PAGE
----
New Yorkers of a certain age remember Sonny Fox as the ruggedly handsome, dimple-chinned TV host of Wonderama and Just for Fun. Fox was a genuine, relatable adult who didn’t need outlandish costumes, buffoonery or pies-in-the-face to communicate with his kid viewership.
Fox, who died January 24 of COVID at age 95, always dressed in a suit. He combined natural bonhomie with a sincere interest in his young audience. The mix of cartoons, games, magic tricks and guests (including New York’s Mayor John V. Lindsay and Senator Robert F. Kennedy) was must-watch TV for NY-area kids from 1959 to 1967. Fox was the role model for other such hosts in metropolitan areas nationwide.
But underneath the good cheer was a memory of his service in the U.S. Army in World War II, witnessing perhaps the single greatest act of heroism in protecting American Jews in uniform (who were potentially subject to the same murderous Nazi tactics as their civilian counterparts).
A Jewish teenager from Brooklyn, Fox was drafted into the Army in 1943.
The Nazis captured him at age 19 in the Battle of the Bulge. After three days marching and seven days without food and water in a boxcar, he arrived at Stalag IX-A.
It was essentially a concentration-camp precursor, a far cry from the zany atmosphere of Hogan’s Heroes, a popular 1960s sitcom about POWs.
Fox recalled in decade-old interviews, now on YouTube, that an American POW registering the newly arrived prisoners asked Fox his name, rank and serial number. And then he asked Fox for his religion. “Jewish,” Fox said through the physical and mental fog of no food and little sleep.
“Protestant,” the clerk answered.
Fox thought the clerk hadn’t heard him. “Jewish,” he repeated.
“Protestant,” the clerk said and then dismissed him.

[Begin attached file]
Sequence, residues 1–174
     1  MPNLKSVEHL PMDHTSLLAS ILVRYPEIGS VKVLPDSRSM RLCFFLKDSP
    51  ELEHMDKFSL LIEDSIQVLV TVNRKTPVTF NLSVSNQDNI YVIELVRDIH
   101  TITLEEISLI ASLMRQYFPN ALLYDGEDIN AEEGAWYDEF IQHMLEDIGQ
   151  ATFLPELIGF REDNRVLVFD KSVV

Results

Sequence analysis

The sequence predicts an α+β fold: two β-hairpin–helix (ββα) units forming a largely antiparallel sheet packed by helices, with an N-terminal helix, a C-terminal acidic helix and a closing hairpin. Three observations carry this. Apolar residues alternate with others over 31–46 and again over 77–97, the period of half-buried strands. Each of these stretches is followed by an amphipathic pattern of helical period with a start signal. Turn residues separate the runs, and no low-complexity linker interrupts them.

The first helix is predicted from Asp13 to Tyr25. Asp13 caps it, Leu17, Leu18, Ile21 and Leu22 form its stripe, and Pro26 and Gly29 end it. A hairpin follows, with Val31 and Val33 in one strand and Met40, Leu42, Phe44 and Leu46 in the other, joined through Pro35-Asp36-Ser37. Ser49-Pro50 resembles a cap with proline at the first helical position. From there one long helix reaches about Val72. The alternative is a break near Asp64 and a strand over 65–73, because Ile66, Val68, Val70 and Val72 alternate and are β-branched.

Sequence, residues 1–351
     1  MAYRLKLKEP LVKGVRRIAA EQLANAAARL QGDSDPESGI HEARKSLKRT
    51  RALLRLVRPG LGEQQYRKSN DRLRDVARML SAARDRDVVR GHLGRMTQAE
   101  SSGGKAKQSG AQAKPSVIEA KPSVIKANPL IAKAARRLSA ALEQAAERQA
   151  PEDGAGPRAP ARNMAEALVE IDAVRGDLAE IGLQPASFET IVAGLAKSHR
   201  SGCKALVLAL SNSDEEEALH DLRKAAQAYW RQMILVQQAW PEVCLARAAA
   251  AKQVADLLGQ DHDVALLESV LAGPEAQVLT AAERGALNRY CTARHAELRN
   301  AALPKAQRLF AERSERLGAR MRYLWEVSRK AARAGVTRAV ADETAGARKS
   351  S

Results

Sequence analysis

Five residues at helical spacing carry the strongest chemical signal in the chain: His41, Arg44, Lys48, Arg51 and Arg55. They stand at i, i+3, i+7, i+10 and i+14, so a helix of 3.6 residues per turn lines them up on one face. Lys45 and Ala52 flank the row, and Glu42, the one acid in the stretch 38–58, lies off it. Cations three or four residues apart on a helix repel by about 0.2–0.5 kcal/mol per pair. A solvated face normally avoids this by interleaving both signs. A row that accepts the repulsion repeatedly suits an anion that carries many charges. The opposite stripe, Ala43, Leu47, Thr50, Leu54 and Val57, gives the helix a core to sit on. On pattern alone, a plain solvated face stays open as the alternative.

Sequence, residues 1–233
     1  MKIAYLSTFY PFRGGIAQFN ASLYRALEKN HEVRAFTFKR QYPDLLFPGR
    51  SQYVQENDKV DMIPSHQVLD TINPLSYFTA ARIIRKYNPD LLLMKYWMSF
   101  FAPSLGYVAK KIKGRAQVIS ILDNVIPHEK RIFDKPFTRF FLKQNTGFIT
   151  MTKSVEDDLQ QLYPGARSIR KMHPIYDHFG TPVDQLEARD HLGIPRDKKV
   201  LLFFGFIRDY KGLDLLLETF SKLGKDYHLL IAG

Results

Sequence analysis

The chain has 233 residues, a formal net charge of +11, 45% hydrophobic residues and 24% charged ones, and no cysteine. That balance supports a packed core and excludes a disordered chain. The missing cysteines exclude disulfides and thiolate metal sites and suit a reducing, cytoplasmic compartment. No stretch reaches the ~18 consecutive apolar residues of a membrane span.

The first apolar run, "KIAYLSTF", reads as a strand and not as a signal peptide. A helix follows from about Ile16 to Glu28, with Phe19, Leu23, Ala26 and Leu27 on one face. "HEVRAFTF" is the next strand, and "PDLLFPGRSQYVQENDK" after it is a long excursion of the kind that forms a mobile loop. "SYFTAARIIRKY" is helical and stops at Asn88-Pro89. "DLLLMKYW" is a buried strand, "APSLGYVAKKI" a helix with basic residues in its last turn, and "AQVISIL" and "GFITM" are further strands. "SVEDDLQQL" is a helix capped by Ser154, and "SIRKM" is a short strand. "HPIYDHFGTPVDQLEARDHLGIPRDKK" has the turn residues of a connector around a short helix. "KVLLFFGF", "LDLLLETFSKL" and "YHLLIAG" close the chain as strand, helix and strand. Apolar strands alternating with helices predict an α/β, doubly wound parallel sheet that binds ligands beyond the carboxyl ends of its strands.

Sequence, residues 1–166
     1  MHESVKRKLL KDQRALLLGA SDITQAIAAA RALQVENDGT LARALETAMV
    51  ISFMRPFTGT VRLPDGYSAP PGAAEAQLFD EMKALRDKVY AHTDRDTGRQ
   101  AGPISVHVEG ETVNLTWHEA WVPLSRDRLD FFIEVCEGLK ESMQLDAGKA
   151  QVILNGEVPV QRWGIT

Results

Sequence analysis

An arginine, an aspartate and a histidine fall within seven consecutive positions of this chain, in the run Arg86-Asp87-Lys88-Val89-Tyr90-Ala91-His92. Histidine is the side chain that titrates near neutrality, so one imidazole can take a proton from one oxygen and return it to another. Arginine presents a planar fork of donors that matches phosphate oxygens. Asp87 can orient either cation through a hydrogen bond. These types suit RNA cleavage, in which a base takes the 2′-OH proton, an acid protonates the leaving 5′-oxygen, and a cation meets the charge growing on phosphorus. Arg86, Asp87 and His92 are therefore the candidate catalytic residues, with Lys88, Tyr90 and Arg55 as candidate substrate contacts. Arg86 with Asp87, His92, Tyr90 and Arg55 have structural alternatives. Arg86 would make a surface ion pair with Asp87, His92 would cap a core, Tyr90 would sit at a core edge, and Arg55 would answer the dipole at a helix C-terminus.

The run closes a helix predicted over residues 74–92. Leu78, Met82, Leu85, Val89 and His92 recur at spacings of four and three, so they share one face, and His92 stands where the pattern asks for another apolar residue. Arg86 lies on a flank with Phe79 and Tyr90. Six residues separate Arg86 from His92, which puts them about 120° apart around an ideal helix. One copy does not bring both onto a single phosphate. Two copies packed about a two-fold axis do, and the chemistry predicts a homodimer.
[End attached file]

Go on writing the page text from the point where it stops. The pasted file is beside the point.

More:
A few days later, Fox understood why. The Nazi guards swept through and seized all prisoners who had answered “yes” or had Jewish-sounding names or “looked Jewish.” They were sent to the Berga concentration camp, many never to return.
On January 27, 1945, Fox was present when the 1,200-plus prisoners assembled, and the camp commandant ordered all Jews to step forward. To do so would undoubtedly have meant execution or slave labor at Berga. But nobody budged, a show of solidarity for the 200 or so Jews scattered among the prisoners,
“We’re all Jews here,” said the POW leader, Master Sgt. Roddie Edmonds, a Methodist from Knoxville, TN.
The commandant muttered that it was not possible that all the prisoners were Jewish. He put his Luger pistol to Edmonds’ head and repeated the demand. Edmonds responded the same way, telling the commandant he would have to shoot not only him but all the prisoners. And if he violated the Geneva Convention, which requires POWs only to divulge name, rank and serial number, the commandant would be tried for war crimes.
The commandant backed off. Fox, among others, was spared. After the war, he found success on the air and as a TV producer. It was a career that came perilously close to never happening,
Fox and the other POWs were liberated in the Spring of 1945 as allied forces swept into Germany and crushed the remaining Nazi defenses.
Edmonds went back to Knoxville and never said anything about the incident. Even his wartime diary was vague. He died in 1985.
It took the ingenuity of his son, Chris, a Baptist minister, to dig up his father’s role in saving the 200 or so Jewish prisoners assembled that day. Fox was one of two surviving POWs recognized by the younger Edmonds in a speech about his father at the 2016 AIPAC meeting.
Yad Vashem, the Holocaust Museum in Israel, posthumously awarded Edmonds the designation of “Righteous Among the Nations,” a recognition reserved for non-Jews who saved Jews during the Holocaust.
On the 71st anniversary of the incident, then-President Barack Obama attended a ceremony for Edmonds at the Israeli Embassy in Washington.
Edmonds’ “moral compass never wavered,” Obama said. “He was true to his faith. I cannot imagine a greater expression of Christianity than to say, I, too, am a Jew.”
That Fox managed to have such a successful television career after the war is a testament to the human capacity for endurance and renewal.
In one interview, Fox discussed using the camp’s one razor to shave. He washed his socks and dried them on the potbelly stove—all to maintain a sense of life balance.
He recalled thinking the U.S. soldiers who liberated them looked surprisingly well-fed. At 6’3”, Fox weighed a little over 100 lbs.
“Don’t ever surrender,” Fox said in one of the interviews, discussing his main takeaways from the experience. “There’s always a way of keeping yourself together and keeping charge of yourself inside no matter what the circumstances are.”